by James Vernor, MAI, Ph.D. and Joseph Rabianski, Ph.D.
Published by the Appraisal Institute, Chicago, 1993
Copyright © 1993 Property Valuation Advisors, Newburyport, MA
IF YOU'VE OFTEN WONDERED how to take, make, but not fake a better guess at future income estimates; or how to determine the optimum size or shape for retail space; or how much parking really is enough, then the book, Shopping Center, is probably for you.
The book was -- according to the authors -- "written in response to ... proposals by the Appraisal Institute, [which] felt more needed to be known and shared about the analysis and appraisal of shopping centers."
Since not all aspects of shopping center valuation are standardized, the authors concede to some speculation on their part. Still -- recognizing there are many unresolved questions on the topic -- their aim is to provide practical advice on accepted methods of shopping center valuation.
The authors state that shopping centers can be characterized by size, anchor (major tenant), product-type-sold, or distance-covered (time traveled) by its patrons. Shopping center categories -- based on typical size and maximum driving time -- include:
Specialty shopping facilities include:
The authors also delve into newer trends in shopping facilities. These include:
We're reminded that atmosphere and merchandising mix increasingly are becoming important. Today's successful centers blend shopping with entertainment. Affinity and compatability of tenant-type within and around the center are crucial as well.
Clustered competition (heavy concentration of similar, competing stores) can be a detriment. In certain cases, however, clustering of similar stores can be a benefit. In effect, clustering may create a consumer magnet. This phenomena is known as cumulative attraction. Beneficial clusters often will include auto dealerships, movie theaters, as well as restaurants.
The financial aspects of the shopping center rely heavily on the underwriter. With high vacancies and bankruptcies, underwriters are now focusing on greater equity requirements (more money down); reliable, current effective rents (this year's rents after concessions); and lengthy and durable leases.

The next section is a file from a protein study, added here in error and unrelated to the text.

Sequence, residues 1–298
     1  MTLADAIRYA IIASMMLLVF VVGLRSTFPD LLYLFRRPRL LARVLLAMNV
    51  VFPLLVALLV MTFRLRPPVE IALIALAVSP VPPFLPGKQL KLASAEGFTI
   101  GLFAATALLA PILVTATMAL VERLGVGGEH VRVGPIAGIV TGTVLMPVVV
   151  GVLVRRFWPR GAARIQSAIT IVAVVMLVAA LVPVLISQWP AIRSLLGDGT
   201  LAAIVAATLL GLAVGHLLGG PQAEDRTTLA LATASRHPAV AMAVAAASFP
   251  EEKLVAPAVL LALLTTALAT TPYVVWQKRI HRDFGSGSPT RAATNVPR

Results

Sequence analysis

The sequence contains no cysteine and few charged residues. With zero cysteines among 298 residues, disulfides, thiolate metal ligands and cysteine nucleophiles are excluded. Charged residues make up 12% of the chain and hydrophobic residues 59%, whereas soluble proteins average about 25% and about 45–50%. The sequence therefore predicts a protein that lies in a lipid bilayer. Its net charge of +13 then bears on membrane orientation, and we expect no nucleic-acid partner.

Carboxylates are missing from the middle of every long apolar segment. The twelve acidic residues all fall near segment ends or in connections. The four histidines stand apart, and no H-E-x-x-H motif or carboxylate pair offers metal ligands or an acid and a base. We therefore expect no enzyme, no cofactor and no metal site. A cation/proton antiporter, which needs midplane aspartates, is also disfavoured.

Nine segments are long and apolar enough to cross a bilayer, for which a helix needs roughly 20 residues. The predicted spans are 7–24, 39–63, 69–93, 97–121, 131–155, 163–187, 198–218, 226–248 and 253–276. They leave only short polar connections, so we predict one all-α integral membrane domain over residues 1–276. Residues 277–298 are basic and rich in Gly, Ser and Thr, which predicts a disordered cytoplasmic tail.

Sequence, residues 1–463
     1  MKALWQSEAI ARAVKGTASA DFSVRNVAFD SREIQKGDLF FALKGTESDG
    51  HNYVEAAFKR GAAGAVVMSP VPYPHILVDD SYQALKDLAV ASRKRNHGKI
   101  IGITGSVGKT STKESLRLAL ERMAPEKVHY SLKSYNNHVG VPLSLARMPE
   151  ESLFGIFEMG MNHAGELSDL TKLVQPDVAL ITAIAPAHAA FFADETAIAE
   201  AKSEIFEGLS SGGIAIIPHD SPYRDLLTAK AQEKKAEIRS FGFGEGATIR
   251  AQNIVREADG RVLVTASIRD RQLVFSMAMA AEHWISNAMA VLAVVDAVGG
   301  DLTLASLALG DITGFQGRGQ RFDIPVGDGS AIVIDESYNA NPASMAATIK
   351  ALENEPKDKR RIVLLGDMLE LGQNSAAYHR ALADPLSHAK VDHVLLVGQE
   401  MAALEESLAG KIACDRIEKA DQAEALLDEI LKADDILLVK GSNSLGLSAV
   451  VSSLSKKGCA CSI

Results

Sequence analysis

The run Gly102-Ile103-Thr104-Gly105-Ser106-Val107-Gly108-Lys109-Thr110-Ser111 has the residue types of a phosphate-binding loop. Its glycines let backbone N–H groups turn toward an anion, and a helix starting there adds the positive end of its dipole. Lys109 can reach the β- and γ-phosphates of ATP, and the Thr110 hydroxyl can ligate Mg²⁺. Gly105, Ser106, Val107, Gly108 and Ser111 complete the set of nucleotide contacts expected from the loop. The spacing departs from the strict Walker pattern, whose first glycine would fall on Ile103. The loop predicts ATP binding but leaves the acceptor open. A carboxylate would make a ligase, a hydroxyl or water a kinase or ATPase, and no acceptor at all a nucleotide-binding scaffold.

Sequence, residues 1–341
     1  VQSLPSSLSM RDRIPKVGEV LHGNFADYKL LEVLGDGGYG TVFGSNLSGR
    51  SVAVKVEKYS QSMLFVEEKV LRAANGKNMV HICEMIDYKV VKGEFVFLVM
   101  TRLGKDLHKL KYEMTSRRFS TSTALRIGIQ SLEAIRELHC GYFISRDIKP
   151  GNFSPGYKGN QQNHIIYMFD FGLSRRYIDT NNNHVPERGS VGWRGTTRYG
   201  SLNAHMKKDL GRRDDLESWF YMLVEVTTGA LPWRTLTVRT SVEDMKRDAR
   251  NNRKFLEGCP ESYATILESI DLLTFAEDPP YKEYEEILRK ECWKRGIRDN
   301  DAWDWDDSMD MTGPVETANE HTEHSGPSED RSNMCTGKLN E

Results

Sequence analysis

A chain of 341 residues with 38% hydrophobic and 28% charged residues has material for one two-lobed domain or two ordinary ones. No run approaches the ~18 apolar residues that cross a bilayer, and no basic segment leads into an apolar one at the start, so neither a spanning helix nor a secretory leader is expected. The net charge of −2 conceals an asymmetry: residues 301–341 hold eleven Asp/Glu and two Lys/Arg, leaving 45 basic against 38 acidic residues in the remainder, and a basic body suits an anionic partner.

Investors, on the other hand, tend to worry about the risks of a changing economy and changing demographics. To reduce the possibility of over-speculation investors will often use "saturation benchmarks". Simply, these benchmarks are the ratio of total retail Gross Leasable Area (GLA) to the total population within a given market area.
Is a shopping mall only comprised of real estate (real property) value or is there a separate business value component? Both sides of this long-standing and heated controversy are heard. For those of you who are on the side of a separate business value, you will be treated to theories on ways to measure and extract this business value portion -- if you are so inclined.
The book also includes analysis of financial software, real estate taxes, and common area maintenance (CAM) charges. The scope and depth, combined with the ease of reading make this book useful both as a general read and as a reference work.
Nevertheless, some expert advice the authors received and gave was simplistic. For instance, a representative of an anchor store tells us: "Develop market rental rates by multiplying the store's ... sales by ... 3%. [After] expenses ... are subtracted, net income is then capitalized at 10% to derive a value estimate."
Why 10%? Why 3%? Though he may have been right, greater qualification or supportive evidence would have made his opinion more credible. Most of the expert advice, however, was on, or closer to the mark. Even experts with which I didn't agree presented plausible arguments in support of their view or advocated methodology.
The authors of this work have accomplished their goal of presenting a comprehensive and understandable guide to practical shopping center valuation. If for no reason other than the book is stocked with sound words and advice, ("Read all the leases," and "Any store size is all right, if it is not too big.") perhaps, therefore, you ought to think about shopping for it. Ironically, you won't find it at the shopping center though -- only mail order.
The book above is available on-line at Amazon Books.
Stephen Traub, ASA, the reviewer, is chief commercial appraiser for Property Valuation Advisors, 63 Hill St., Newburyport, MA 01950. He is a certified general appraiser in NH, ME and MA.
To contact the author of this review, e-mail to: firstname.lastname@example.org or contact him at the address above, or call 978-462-4347.
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